How to cite this article:
Alenazy MS, Mosadomi HA. Possible use of calcifying nanoparticles in immature root apex treatment.Dent Hypotheses 2014;5:11-13

How to cite this URL:
Alenazy MS, Mosadomi HA. Possible use of calcifying nanoparticles in immature root apex treatment. Dent Hypotheses [serial online] 2014 [cited 2021 Mar 5 ];5:11-13
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Immature apex and thin dentin walls are challenging cases to manage in nonvital endodontic practice especially in young permanent tooth. Previously the lines of treatment of nonvital teeth with immature apex and/or thin dentin are restricted to filling paste, customized fitted gutta-percha, and apical surgery. [1] Limited success of these procedures has led to enhanced interests in "apexogenesis", completing apical development phenomenon, or "apexification" forming a hard apical barrier. [2]

The use of various materials had been recommended for producing hard apical root barrier. In both situations, calcium hydroxide was the most common material used in apexification treatment for immature nonvital teeth and/or thin wall dentin. Although calcium hydroxide has many disadvantages, several studies reported the success of this traditional method of using this material. [3],[4],[5]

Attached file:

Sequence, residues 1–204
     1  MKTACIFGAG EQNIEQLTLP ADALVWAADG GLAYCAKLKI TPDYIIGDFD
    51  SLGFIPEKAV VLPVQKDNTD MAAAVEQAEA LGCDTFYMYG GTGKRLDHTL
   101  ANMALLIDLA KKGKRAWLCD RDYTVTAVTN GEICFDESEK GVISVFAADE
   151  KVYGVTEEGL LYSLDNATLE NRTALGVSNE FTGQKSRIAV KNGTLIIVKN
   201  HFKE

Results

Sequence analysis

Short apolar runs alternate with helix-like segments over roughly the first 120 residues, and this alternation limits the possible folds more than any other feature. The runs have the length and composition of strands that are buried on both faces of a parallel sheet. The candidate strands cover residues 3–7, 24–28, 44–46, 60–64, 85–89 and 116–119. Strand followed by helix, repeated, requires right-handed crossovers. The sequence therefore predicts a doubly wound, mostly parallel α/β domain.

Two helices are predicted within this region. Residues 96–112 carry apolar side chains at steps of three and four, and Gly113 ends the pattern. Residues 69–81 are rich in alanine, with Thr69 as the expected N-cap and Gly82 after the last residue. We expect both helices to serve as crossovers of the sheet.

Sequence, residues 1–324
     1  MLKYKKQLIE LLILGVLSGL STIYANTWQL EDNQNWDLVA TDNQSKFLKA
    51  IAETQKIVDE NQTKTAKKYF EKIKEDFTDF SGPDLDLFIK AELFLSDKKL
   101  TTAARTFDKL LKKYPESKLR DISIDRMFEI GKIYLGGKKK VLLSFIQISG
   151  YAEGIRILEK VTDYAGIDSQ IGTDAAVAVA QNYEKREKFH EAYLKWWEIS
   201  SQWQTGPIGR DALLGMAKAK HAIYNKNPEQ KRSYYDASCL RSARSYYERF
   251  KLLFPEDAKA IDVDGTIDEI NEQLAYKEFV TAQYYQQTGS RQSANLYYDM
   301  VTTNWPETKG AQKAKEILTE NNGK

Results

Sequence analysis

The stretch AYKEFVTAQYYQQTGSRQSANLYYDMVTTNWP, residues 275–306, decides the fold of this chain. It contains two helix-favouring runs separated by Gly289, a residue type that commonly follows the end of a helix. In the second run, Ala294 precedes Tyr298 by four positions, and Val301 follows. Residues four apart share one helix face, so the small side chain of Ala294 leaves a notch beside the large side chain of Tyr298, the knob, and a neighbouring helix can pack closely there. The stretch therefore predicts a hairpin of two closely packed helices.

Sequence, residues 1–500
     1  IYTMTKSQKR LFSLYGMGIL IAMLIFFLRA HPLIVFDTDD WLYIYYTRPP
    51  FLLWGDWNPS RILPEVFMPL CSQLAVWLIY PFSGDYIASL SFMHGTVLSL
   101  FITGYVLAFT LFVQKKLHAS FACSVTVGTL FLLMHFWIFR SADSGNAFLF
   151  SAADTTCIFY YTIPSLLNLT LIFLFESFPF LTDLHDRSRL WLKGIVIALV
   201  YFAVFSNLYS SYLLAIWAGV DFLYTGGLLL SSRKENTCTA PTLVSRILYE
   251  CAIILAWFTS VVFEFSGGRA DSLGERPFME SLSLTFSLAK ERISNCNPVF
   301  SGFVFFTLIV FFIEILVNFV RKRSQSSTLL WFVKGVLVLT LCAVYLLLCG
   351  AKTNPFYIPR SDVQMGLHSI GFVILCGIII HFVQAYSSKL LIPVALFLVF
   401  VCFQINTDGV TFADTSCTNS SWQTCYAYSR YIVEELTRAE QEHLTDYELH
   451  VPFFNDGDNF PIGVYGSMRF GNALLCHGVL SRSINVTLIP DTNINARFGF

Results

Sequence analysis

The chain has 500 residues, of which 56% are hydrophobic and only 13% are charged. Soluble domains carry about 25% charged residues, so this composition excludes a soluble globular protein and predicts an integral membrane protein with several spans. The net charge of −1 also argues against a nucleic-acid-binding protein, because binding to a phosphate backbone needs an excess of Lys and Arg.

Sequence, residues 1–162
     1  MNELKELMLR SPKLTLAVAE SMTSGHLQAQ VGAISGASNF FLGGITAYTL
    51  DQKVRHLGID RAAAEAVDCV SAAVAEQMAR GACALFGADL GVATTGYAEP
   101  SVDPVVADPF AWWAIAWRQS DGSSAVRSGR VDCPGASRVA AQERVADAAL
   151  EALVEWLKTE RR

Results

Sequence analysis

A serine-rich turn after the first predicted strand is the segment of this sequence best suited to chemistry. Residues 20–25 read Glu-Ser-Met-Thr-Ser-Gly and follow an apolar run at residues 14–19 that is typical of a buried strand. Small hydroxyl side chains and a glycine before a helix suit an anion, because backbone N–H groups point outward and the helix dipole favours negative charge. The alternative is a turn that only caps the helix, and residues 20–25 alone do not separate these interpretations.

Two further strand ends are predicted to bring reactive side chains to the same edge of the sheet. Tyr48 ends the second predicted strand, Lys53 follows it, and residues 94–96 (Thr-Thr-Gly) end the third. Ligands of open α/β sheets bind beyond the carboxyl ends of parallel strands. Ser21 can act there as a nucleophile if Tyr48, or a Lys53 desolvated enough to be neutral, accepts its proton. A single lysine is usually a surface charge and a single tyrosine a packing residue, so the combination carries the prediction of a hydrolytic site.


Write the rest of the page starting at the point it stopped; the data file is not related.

The alternative method of the calcium hydroxide apexification is the one-visit method of forming an artificial apical barrier. Parirokh and Torabinejad revealed that mineral trioxide aggregate (MTA) has been recommended for various endodontic procedures. [6] This approach has been described as the nonsurgical filling of a biocompatible material condensed into the apical third of the root canal. Therefore, creating an immediate apical barrier facilitates the root canal filling in one visit. [7] The superiority of this method is less treatment time, and the formation of a satisfactory apical seal barrier. [8]